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Politics and Happiness, in Perfect Mutual Attraction

Translated by Henry Crapo and reviewed by Bill Scoble. The atmosphere was festive, and combativity was in full force. 70,000 persons had come, yesterday [1], to the Place du Capitole, in Toulouse, to hear Jean-Luc Mélenchon, candidate of the Front de gauche in the French presidential election. Toulouse, by special envoys The narrow streets converging … Continued

Translated by Henry Crapo and reviewed by Bill Scoble.

The atmosphere was festive, and combativity was in full force. 70,000 persons had come, yesterday [1], to the Place du Capitole, in Toulouse, to hear Jean-Luc Mélenchon, candidate of the Front de gauche in the French presidential election.

Toulouse, by special envoys

The narrow streets converging toward the heart of Toulouse beat with the rhythm of thousands of men and women, young and less young, who advance slowly. It would have been necessary to push back even the arcades surrounding the Place in order to accommodate the joyous and brightly colored throng who attempted to find a passage in order to participate in the assembly of the Front de gauche. Dozens of busses arriving from nearby departments [2] were parked along the Allée Jean Jaurès. The busses and tramways in Toulouse are stopped — on strike — and may this remain the case! Everyone has come as best (s)he can, in order not to miss this rendezvous considered by no small number to be a truly historic event.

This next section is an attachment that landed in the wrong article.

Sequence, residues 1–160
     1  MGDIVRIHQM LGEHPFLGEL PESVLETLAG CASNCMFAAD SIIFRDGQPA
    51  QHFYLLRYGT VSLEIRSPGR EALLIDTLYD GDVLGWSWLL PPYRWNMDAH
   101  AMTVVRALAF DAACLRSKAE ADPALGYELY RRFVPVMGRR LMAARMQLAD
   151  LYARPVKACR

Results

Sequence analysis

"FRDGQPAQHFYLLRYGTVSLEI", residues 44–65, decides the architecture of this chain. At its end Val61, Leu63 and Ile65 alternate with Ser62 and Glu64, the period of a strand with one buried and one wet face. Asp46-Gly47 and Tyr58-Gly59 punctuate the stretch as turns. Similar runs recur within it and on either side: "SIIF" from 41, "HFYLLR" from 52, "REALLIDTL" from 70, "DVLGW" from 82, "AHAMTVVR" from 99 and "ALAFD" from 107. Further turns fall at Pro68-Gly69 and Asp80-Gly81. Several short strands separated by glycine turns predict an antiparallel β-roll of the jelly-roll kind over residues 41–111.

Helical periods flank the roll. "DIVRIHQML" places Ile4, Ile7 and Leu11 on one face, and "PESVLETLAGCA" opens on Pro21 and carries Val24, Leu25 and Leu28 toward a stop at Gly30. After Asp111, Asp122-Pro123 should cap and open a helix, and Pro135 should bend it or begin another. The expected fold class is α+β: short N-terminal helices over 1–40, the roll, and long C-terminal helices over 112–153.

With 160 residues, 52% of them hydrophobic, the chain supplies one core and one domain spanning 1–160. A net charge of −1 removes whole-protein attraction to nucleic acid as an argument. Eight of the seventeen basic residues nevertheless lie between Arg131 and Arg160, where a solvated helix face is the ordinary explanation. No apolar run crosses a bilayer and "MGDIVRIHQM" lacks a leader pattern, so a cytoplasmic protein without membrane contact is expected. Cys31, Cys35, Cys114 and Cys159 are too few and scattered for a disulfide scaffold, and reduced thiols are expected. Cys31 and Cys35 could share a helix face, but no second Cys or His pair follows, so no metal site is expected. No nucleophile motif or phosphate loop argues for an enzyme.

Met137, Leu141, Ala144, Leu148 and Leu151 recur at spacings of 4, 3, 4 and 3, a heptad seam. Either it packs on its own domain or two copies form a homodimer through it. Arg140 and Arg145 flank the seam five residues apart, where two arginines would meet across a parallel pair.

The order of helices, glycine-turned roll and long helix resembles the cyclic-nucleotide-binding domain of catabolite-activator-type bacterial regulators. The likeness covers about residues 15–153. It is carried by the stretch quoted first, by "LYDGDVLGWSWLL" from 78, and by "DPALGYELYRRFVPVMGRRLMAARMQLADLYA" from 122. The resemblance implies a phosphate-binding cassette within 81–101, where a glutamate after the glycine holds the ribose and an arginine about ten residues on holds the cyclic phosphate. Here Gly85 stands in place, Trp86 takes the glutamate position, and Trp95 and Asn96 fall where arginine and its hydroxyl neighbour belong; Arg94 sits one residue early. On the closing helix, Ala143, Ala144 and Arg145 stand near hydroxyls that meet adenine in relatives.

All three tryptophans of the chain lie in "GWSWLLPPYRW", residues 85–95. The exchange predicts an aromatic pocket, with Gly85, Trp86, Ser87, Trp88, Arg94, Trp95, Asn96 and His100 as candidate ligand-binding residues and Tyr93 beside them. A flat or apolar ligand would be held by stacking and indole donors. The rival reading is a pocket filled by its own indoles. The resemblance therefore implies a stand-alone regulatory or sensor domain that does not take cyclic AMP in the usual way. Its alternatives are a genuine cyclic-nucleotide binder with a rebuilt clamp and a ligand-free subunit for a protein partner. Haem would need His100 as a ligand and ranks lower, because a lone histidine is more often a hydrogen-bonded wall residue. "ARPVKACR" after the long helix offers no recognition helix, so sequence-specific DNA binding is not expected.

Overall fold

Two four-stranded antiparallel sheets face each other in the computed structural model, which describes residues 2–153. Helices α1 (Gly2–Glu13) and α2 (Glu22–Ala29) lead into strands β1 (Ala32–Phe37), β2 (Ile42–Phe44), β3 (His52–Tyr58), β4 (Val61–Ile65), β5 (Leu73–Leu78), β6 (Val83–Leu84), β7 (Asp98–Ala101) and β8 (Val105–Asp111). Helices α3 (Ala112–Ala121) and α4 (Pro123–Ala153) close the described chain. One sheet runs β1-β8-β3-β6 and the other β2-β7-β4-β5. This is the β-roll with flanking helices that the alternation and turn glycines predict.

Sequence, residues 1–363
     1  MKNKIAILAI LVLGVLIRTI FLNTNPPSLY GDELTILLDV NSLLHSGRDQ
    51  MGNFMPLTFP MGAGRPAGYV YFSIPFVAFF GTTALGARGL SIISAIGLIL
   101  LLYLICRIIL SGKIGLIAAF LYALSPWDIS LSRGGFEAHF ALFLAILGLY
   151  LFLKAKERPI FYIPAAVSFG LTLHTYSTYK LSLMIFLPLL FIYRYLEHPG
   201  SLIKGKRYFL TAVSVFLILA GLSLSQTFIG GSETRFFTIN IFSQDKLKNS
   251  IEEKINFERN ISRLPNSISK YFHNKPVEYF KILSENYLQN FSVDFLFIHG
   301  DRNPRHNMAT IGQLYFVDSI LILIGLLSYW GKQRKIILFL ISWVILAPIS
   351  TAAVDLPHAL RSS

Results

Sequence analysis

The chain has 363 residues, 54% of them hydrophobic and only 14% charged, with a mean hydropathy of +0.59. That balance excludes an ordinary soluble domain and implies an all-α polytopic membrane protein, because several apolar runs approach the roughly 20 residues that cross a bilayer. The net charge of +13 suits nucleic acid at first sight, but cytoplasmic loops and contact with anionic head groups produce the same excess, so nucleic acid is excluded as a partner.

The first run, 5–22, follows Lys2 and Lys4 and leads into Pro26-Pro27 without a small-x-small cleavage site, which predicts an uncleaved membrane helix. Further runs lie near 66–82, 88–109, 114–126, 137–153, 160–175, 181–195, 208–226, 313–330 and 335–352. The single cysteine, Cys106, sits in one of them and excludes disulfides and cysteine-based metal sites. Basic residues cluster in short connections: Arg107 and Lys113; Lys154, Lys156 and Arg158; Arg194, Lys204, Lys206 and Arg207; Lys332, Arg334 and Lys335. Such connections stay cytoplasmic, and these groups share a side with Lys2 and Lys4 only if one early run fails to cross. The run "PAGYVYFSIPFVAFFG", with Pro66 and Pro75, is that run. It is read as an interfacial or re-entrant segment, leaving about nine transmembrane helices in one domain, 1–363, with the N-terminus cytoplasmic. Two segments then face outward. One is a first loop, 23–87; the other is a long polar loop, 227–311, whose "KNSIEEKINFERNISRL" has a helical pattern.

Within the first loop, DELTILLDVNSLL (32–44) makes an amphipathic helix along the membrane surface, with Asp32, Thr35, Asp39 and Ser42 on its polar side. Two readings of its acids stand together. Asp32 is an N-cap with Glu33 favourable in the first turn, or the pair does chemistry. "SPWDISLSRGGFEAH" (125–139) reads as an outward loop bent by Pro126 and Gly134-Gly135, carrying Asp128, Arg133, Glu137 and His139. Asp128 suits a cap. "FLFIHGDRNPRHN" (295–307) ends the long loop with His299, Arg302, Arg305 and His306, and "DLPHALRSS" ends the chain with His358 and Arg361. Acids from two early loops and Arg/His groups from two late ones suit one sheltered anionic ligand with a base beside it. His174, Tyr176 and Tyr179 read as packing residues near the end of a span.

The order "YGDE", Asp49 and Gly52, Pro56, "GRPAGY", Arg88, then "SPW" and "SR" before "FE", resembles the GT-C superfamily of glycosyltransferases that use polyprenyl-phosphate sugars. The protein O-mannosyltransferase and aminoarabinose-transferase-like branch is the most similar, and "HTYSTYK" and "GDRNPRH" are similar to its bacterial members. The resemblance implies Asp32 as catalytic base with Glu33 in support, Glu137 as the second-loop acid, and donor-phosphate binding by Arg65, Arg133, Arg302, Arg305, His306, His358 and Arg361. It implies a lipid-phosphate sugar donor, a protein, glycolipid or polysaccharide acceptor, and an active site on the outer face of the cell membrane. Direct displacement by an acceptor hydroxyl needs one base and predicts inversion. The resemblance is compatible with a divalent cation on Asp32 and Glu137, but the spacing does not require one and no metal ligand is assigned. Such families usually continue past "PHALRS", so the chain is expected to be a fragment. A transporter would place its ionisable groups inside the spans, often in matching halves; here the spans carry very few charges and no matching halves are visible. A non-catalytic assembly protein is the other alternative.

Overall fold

From La Bastille to the Capitole, a shock wave

Hours earlier, on the train bringing him from Limoges, where, the previous day, he spoke before an assembly of 9,000 people, Jean-Luc Mélenchon writes his speech — in red pen, of course. He still hesitates on a choice of citation from Jean Jaurès, the elected official, the deputy of the miners in Carmaux, the founder of the newspaper l’Humanité. “There are texts of Jaurès with deep meaning concerning sovereignty, concerning the nation …,” said Jean-Luc Mélenchon, his pen paused. At the podium erected in front of the façade of the Capitol, he quotes Jaurès from memory: “Any political struggle comes down to the question of political sovereignty of the people.” This thought of Jaurès is the Ariadne’s thread of the discourse by this “pretender to the Elysee Palace”, whose accents do not fail to recall those of that earlier historic figure.

While most interventions by Mélenchon are designed in such a way as to respond to current events, those he delivers during the “occupation” of city squares, as yesterday in Toulouse, provide keys to open broader perspectives. There is a spirit of pedagogy that characterizes this unique campaign. With no safety net, just a few notes scribbled on scraps of paper, the candidate has running through his head “like a little music”, ever since the march to the Bastille, the shock wave whose after-shock is felt here today. Before this crowd, he returns to the subject of national defense, which he wants “independent” and based on “a new global anti-globalization alliance” [3]. France is not a Western nation … it is a universalist nation,” he says.